Be very wary of wardeccing large alliances after the patch. While the previous war system swung in favour of the attacker, the new system has gone to the opposite extreme. Large corps and alliances are now significantly more costly and dangerous to declare war on, especially as the defender can now call mercenaries into the war at any time. Players have complained that the increasing war costs could be abused by getting all alliance members to add alts to the corp, but this would be a logistical nightmare to apply in practice and would increase fees by only a few hundred million ISK. If alt padding becomes a problem, CCP will undoubtedly step in and revise the fee structure.
In this week's EVE Evolved, I look at the new modules and gameplay changes coming in Tuesday's Inferno expansion and give some tips on preparing for the patch.
Get your research labs ready
Inferno is introducing new modules that will be in very high demand, and industrialists are sure to make a mint supplying them. The new Extrinsic Damage Amplifier I drone damage module will turn the shield-buffered Dominix into an absolute monster, and its blueprint will be seeded on the market despite earlier plans. The biggest profit to be had here will definitely be from the tech 2 version, which you'll need to invent from tech 1 blueprint copies. To be one of the first people on the market with the tech 2 variant, you'll need to own your own research starbase somewhere.
Original blueprints will be seeded for the drone damage module, small and medium web drones, and a new rig that increases CPU output. If you have access to a research lab, buy multiple copies of each blueprint and put at least one into both material and copy research. As there'll be an initial rush to buy these new modules, you can afford to start building immediately from an unresearched blueprint while your material efficiency research finishes. Use all of the blueprint copies you produce for invention, and if you get lucky, you'll have dozens of the tech 2 version to build by the end of patch day.
Prepare an exploration ship
Several additional modules will be released in the patch that won't have blueprints seeded on the open market. The new low-slot Armor Adaptive Hardener I module will provide an armour resistance bonus that periodically shifts to match the types of damage your ship is taking. A new range of Ancillary shield boosters will provide a much higher boost than their normal counterparts but consume significantly more capacitor. They also have the option to consume capacitor booster charges directly to reduce activation cost.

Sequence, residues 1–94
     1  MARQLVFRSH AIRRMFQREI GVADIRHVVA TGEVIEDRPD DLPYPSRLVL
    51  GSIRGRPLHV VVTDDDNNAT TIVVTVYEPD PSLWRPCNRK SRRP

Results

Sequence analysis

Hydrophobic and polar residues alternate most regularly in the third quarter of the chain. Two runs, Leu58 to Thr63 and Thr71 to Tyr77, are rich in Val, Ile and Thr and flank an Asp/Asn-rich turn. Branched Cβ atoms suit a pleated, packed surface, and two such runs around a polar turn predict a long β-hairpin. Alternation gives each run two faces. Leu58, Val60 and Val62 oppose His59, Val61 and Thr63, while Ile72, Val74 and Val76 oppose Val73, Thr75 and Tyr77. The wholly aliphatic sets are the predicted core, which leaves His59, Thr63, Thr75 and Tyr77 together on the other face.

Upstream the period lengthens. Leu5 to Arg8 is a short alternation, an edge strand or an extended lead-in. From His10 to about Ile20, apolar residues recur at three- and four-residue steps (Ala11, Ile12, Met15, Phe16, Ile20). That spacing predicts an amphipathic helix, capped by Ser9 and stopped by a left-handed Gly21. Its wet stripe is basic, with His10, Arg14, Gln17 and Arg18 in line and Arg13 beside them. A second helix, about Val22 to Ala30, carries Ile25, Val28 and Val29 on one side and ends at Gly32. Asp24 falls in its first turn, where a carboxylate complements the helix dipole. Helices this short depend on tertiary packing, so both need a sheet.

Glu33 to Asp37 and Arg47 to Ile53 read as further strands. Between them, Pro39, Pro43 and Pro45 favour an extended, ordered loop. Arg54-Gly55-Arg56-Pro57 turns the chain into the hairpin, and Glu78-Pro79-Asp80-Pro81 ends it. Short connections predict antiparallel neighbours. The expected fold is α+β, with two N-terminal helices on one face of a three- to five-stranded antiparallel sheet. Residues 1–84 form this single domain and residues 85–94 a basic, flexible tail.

Hacking and Archaeology profession sites will drop limited-run blueprints of the new modules with between three and 50 runs depending on the difficulty of the site, which means nullsec is where you'll find the best swag. It's been a long time since profession sites dropped anything worth the effort of locating them, and this update may save them from obsolescence. If you're not an exploration hound, there's also a chance to loot these blueprints from faction spawns in asteroid belts. Since these new modules will be destroyed in PvP, there's sure to be a continual demand for new ones.
New modules set to change PvP
The ancillary shield boosters combine a shield booster and capacitor booster into one module. This could make shield tanking PvP gangs a lot more viable, but unfortunately only the standard tech 1 versions will initially be released. Capacitor batteries will now reflect a portion of enemy nosferatu and neutralisers back at the attacking ship. This change will have a big impact on small scale PvP and wormhole gangs. Energy neutralising is the only way to reliably shut down wormhole capitals or counter the enemy's own neutralising ships. We may see wormhole capitals and Bhaalgorns fitting capacitor batteries just to defend against neutralisation.
The new Magsheath Target Breaker I module has the potential to change the way in which wars are fought. This module has a chance to break all target locks on you instantly, and the chance increases if more people are targeting you. If you've just been called primary target by an enemy fleet, it's practically guaranteed to to work. This seems like a good fix for blobbing, forcing fleets to break apart into independent wings and squads that hit separate targets. But since it's intended as a defensive module, the Magsheath has some pretty serious drawbacks.
Activating the module breaks all of your own target locks, and just having it fitted will make your own target-locking significantly slower. There's no word yet on whether the module breaks locks in progress, and fleets might just resort to using passive targeters to hide their intended targets if the module becomes a popular fleet choice. As this module's blueprints are also also only found as faction loot and in profession sites, it may end up being a very expensive way to protect a ship.
The new modules and changes seem set to make tactical roles other than damage-dealer more useful in large fleets. The Magsheath Target Breaker I will give fleets a way to arm tactically important ships against being called primary target. Ships like the Scorpion and Bhaalgorn tend to be called primary and destroyed in seconds, but in Inferno they may see a rise in popularity. I think we'll definitely see a lot more Bhaalgorns, neutraliser Dominixes, and heavy interdictors in large fleets thanks to the Magsheath. Inferno will certainly shake up EVE's PvP landscape, and it will be interesting to see what's changed when the dust settles.
Brendan "Nyphur" Drain is an early veteran of EVE Online and writer of the weekly EVE Evolved column here at Massively. The column covers anything and everything relating to EVE Online, from in-depth guides to speculative opinion pieces. If you have an idea for a column or guide, or you just want to message him, send an email to firstname.lastname@example.org.